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9 Feb 2006 12:30 AM
Since Xbox 360's launch, I've been trolling various message boards for feedback about my biggest feature: voice chat.
made the previous year of my life completely worth every minute. There's something to be said about the power of Xbox Live to bring people together, regardless of what you think of the service.
That said, the most consistent piece of feedback is "Why can't I talk with multiple people in QuickChat?" The simple answer is that it was a user experience choice. The longer answer follows, but know that there isn't much in the lower level software that would stop us from letting users do this. However, let's think about it some more...
Xbox Live requires users to have broadband connections that are at least 64kbps up & down. On the other side of the coin, Xbox Live requires games to work within 64kbps. Voice chat in a game uses some of that bandwidth. How much depends on the number of users, mostly. All Xbox Live games have voice chat in some way, so there is at least one user worth of "chat bandwidth."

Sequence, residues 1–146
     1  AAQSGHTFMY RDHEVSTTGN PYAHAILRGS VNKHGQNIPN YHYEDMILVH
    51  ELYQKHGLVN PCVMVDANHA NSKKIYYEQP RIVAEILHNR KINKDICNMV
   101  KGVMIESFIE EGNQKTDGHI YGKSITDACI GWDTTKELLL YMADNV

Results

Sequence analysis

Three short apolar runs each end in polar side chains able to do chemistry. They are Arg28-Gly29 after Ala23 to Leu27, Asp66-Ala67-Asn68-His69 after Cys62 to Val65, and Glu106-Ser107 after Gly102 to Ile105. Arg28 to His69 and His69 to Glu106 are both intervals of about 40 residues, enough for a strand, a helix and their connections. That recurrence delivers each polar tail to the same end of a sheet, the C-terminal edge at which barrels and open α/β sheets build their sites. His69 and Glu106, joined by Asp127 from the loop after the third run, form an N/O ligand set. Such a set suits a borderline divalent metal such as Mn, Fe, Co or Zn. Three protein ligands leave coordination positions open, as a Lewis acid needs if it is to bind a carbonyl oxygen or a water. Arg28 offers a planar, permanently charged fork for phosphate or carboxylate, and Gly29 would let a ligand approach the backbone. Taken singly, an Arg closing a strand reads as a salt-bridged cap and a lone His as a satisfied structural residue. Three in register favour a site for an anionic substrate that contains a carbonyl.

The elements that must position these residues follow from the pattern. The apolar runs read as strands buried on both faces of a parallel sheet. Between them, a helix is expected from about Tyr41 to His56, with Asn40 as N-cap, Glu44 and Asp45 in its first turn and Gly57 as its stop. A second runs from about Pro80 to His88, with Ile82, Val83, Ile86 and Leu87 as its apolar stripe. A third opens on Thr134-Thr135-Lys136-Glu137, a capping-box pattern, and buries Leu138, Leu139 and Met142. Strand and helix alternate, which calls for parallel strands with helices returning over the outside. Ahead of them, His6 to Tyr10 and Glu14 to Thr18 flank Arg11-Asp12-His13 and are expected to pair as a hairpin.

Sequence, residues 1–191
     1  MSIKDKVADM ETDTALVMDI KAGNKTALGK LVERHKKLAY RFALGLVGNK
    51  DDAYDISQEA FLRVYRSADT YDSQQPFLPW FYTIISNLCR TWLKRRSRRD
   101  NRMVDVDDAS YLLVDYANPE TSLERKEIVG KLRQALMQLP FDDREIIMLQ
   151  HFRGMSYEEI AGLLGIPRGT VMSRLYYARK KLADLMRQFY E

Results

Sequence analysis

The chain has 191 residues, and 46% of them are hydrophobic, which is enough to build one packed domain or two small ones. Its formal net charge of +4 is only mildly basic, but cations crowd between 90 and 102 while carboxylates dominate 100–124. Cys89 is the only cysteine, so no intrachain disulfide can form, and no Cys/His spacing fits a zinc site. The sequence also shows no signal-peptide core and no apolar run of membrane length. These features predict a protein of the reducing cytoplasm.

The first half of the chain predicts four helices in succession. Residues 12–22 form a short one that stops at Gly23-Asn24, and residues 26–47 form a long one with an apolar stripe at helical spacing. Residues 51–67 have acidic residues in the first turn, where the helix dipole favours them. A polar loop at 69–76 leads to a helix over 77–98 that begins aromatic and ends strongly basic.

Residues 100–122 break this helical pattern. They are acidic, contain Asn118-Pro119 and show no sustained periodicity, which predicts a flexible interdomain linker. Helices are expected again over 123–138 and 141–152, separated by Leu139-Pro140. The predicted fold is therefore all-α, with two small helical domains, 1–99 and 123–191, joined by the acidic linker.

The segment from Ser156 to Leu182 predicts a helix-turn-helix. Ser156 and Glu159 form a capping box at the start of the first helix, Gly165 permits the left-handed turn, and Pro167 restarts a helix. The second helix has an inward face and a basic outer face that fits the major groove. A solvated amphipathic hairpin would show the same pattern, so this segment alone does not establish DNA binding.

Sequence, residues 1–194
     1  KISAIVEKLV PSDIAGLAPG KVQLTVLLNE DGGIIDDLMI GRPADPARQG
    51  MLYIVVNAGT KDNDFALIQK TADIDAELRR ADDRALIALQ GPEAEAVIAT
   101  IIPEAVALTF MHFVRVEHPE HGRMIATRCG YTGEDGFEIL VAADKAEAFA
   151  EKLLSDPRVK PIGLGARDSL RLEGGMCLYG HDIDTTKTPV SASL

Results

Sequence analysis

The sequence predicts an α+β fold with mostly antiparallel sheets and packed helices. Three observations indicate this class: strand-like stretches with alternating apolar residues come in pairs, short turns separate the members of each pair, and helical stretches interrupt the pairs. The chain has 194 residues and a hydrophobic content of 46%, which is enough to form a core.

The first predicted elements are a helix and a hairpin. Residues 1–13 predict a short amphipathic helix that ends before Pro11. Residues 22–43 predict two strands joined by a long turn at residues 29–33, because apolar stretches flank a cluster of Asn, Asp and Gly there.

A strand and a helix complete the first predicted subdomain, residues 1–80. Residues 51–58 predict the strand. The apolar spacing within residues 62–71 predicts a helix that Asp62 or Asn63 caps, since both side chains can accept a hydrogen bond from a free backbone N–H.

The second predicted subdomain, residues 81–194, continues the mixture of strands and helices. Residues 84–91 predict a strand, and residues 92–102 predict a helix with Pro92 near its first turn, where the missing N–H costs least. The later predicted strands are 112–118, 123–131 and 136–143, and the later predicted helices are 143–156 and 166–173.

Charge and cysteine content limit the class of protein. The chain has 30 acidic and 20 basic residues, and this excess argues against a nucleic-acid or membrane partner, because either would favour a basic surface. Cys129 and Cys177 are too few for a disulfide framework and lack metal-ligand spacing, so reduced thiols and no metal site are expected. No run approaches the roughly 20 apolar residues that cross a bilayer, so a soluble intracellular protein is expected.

The Xbox 360 guide is not omniscient. It has a lot of info, but it can't know how many people are chatting inside a particular game. However, it knows that there's at least one user worth of bandwidth around being used for chat because we wrote that rule. When you use QuickChat, the Xbox 360 Guide mutes voice going to the game. That means the game no longer has any voice chat to transmit, and hence stops using the voice chat bandwidth. That frees up the bandwidth for QuickChat to use.
Imagine QuickChat did let you speak with multiple people at a time. This means you'd need to send data to multiple people, thereby multiplying the amount of bandwidth you need. This may make QuickChat go over the 64kbps total that is available. If you have a much faster pipe, this would not be a problem. However, measuring available bandwidth is a non-trivial problem that has had many academic papers written about it.
Going past the available bandwidth would make either your game or chat experience horrible - perhaps even both. Hence, QuickChat doesn't go over the minimum requirements to make sure all our users have a consistent experience on Xbox Live.
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